Gifts - Elements. Teixeira v. Markgraf Estate
In Teixeira v. Markgraf Estate (Ont CA, 2017) the Court of Appeal set out the elements of a "gift":
 The three elements of a legally valid gift identified by the application judge and referred to at para. 10, above, are well established: (1) an intention to make a gift on the part of the donor, without consideration or expectation of remuneration; (2) an acceptance of the gift by the donee; and (3) a sufficient act of delivery or transfer of the property to complete the transaction: McNamee v. McNamee, at para. 24. All three requirements are essential: Mary Jane Mossman & William F. Flanagan, Property Law: Cases and Commentary, 2nd ed. (Toronto: Emond Montgomery Publications Limited, 2004), at p. 441.. Teixeira v. Markgraf Estate
In Teixeira v. Markgraf Estate (Ont CA, 2017) the Court of Appeal focusses on the element of 'delivery':
 The first two elements are not at issue on this appeal. The central issue here is whether the delivery of the cheque for $100,000 into the hands of the appellant could be a sufficient act of delivery of the gift. The wrinkle in this case is that there were insufficient funds in Mary’s account.
 The delivery requirement has been a part of the modern law of gifts since the seminal case of Irons v. Smallpiece (1819), 2 B. & A. 551. The delivery requirement is an important distinguishing feature of gifts as compared to other methods of transferring property, such as by contract. As Mossman and Flanagan note in Property Law: Cases and Commentary, at p. 442:
The delivery requirement marks an important difference between contract law and the law of gifts. A contract involves an exchange of promises. A gift, a unilateral promise, does not. Contract law will enforce an exchange of promises (a “bargain” promise) with expectation damages. On the other hand, the law of gifts attaches no significance to a unilateral promise to pay in the absence of delivery. The delivery requirement in the law of gifts continues to serve several important functions. It forces a would-be donor to consider the consequences of their expressed intention to make a gift and it furnishes tangible proof that a gift has in fact been made: see Bruce Ziff, Principles of Property Law, 6th ed. (Toronto, Thomson Reuters, 2014), at pp. 161-2. See also: Philip Mechem, “The Requirement of Delivery in Gifts of Chattels and of Choses in Action Evidenced by Commercial Instruments” (1926) 21 Ill. L. Rev. 341, at pp. 348-352.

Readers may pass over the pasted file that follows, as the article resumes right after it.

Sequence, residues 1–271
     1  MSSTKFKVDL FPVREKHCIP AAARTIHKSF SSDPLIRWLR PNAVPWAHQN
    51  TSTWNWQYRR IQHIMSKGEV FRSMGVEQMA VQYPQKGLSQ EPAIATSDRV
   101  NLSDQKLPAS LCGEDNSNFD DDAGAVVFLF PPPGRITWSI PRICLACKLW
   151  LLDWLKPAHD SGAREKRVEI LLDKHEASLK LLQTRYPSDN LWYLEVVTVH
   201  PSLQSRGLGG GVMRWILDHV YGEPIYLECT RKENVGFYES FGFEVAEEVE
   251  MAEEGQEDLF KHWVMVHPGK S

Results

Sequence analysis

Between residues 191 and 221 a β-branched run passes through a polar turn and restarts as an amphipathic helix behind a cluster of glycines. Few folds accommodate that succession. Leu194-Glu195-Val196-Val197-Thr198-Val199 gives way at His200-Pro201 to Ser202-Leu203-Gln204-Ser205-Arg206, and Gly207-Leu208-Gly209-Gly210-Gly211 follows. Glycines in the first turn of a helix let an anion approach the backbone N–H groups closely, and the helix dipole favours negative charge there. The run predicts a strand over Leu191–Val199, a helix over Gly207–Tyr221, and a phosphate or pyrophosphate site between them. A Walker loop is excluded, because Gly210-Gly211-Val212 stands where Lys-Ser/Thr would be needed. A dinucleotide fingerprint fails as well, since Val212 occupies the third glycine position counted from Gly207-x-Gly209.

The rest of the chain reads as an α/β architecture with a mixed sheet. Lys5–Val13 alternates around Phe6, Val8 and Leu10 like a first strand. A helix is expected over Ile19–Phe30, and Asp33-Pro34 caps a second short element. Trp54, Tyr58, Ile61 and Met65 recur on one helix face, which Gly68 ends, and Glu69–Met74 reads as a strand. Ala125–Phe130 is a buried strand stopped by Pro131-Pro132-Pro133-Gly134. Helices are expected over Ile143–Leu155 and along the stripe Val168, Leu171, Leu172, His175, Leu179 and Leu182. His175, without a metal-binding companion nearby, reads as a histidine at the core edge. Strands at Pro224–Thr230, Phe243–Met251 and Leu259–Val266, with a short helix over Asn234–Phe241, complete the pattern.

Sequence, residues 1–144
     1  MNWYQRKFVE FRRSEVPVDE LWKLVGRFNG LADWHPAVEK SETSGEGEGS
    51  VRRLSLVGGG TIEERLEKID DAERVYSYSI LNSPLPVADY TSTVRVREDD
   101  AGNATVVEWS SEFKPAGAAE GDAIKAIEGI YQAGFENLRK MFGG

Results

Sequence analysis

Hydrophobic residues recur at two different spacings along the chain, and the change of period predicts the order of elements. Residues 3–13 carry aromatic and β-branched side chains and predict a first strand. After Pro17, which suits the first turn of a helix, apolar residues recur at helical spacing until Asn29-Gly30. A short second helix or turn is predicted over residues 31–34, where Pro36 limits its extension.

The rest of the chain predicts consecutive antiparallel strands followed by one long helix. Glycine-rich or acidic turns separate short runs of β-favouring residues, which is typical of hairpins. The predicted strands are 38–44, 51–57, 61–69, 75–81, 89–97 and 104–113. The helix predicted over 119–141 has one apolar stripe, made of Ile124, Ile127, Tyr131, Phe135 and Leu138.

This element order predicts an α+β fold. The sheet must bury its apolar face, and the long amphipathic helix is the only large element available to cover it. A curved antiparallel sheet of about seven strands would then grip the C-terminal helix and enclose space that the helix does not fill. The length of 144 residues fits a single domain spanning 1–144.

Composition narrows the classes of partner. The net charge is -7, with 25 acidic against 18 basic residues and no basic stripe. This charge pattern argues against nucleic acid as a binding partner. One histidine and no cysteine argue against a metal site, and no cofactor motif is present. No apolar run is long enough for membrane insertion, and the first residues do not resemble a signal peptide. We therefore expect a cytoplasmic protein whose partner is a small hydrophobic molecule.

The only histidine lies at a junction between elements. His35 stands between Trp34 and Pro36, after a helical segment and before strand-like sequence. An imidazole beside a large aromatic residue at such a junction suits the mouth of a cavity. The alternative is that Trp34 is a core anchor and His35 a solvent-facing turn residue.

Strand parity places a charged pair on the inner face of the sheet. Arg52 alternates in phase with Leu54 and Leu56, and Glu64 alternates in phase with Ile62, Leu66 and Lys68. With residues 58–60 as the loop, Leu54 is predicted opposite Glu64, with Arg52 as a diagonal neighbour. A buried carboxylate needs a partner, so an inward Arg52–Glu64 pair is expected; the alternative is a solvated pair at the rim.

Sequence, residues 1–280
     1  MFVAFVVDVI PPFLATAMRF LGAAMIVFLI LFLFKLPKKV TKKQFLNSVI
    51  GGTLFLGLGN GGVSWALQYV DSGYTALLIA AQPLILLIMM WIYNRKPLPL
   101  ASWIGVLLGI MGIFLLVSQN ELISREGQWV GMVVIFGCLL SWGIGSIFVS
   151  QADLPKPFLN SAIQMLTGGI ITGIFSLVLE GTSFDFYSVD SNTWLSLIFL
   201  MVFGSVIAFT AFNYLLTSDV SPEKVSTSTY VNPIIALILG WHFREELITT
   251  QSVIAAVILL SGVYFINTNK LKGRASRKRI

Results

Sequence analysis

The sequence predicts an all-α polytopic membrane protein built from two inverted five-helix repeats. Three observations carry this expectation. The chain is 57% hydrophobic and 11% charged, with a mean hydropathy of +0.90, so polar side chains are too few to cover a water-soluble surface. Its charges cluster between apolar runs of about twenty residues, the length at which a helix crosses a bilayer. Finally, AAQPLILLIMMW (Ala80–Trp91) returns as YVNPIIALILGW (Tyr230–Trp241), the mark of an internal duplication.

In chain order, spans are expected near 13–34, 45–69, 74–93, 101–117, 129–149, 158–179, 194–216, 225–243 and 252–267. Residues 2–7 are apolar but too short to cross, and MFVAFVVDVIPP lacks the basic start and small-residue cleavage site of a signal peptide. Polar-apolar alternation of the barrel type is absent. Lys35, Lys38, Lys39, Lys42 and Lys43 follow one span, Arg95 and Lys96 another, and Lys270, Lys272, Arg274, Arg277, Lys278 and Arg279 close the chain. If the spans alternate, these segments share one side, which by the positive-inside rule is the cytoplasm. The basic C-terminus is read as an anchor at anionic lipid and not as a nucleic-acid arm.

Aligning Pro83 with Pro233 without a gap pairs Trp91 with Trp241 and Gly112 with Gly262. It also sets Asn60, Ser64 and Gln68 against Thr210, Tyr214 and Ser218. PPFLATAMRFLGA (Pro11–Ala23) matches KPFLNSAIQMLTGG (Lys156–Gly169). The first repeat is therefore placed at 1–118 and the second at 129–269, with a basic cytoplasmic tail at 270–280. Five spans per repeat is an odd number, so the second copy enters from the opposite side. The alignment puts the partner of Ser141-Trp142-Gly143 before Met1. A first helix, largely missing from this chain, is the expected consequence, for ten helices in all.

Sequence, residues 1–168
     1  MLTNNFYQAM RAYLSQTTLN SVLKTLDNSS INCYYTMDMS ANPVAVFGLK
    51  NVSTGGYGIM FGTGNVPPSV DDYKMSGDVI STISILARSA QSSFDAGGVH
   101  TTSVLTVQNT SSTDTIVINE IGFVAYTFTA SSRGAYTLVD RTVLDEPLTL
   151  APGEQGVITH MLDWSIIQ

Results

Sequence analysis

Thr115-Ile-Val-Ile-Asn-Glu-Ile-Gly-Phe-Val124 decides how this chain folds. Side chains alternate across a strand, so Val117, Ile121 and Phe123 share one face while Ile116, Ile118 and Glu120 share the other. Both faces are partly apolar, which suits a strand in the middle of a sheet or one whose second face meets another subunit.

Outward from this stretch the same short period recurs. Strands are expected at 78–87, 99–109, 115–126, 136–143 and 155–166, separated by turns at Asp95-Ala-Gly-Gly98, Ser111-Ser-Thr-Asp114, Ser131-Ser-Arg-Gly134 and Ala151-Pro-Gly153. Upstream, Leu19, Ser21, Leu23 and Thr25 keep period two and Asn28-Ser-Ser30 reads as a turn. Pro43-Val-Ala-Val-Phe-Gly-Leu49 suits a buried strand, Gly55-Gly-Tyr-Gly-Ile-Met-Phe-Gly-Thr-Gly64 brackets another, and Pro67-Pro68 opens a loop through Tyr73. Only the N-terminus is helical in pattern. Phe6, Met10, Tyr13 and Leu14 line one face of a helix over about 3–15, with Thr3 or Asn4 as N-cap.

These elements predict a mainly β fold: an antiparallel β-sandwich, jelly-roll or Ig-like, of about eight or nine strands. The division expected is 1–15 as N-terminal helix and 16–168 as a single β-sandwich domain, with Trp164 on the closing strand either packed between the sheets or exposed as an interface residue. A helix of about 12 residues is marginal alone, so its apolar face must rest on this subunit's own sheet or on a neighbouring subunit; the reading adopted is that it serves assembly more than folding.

Indicia of delivery
 The most obvious form of delivery is the actual physical transfer of the subject matter of the gift from the donor to the donee such that the gift is literally given away: see Ziff, at p. 161.
 However, in certain circumstances, such as where the item is unwieldy, courts have acknowledged that constructive delivery will suffice. In these cases, the critical questions have been whether or not the donor retained the means of control and whether all that could be done had been done to divest title in favour of the donee: see Ziff, at p. 165.
 Ultimately, in order for a gift to be valid and enforceable, the donor must have done everything necessary and in his or her power to effect the transfer of the property: Kavanagh v. Lajoie, 2014 ONCA 187 (CanLII), 317 O.A.C. 274, at para. 13.
Gifts by cheque
 A gift of cash can be readily effected by delivery to the donee. ...